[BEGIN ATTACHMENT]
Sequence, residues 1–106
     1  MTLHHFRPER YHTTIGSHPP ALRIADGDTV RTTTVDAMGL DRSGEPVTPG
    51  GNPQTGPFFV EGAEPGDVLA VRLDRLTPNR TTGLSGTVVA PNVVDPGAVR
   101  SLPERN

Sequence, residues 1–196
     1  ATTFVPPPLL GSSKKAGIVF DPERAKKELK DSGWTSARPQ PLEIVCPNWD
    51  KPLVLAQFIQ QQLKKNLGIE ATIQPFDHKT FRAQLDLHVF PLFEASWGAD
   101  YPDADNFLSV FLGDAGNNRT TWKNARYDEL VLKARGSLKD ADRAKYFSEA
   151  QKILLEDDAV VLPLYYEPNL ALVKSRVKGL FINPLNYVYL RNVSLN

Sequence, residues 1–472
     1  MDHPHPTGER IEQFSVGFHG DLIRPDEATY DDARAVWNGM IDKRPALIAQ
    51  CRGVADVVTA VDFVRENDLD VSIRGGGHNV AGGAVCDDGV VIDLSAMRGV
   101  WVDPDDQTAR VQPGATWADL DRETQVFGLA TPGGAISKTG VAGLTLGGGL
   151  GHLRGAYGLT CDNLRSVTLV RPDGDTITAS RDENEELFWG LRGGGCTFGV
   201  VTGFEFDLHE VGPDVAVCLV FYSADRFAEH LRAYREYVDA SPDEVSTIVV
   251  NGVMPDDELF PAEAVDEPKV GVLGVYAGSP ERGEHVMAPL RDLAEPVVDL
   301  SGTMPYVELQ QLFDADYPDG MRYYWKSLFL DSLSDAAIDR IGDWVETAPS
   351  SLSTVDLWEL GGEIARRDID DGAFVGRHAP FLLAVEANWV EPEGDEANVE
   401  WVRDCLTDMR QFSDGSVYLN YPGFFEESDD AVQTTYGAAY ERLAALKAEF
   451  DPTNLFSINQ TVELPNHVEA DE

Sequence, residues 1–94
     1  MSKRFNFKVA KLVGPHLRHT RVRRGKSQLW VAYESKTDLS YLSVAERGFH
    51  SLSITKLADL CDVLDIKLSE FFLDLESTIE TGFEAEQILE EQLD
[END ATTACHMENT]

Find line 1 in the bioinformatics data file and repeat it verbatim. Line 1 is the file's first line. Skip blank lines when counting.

Sequence, residues 1–106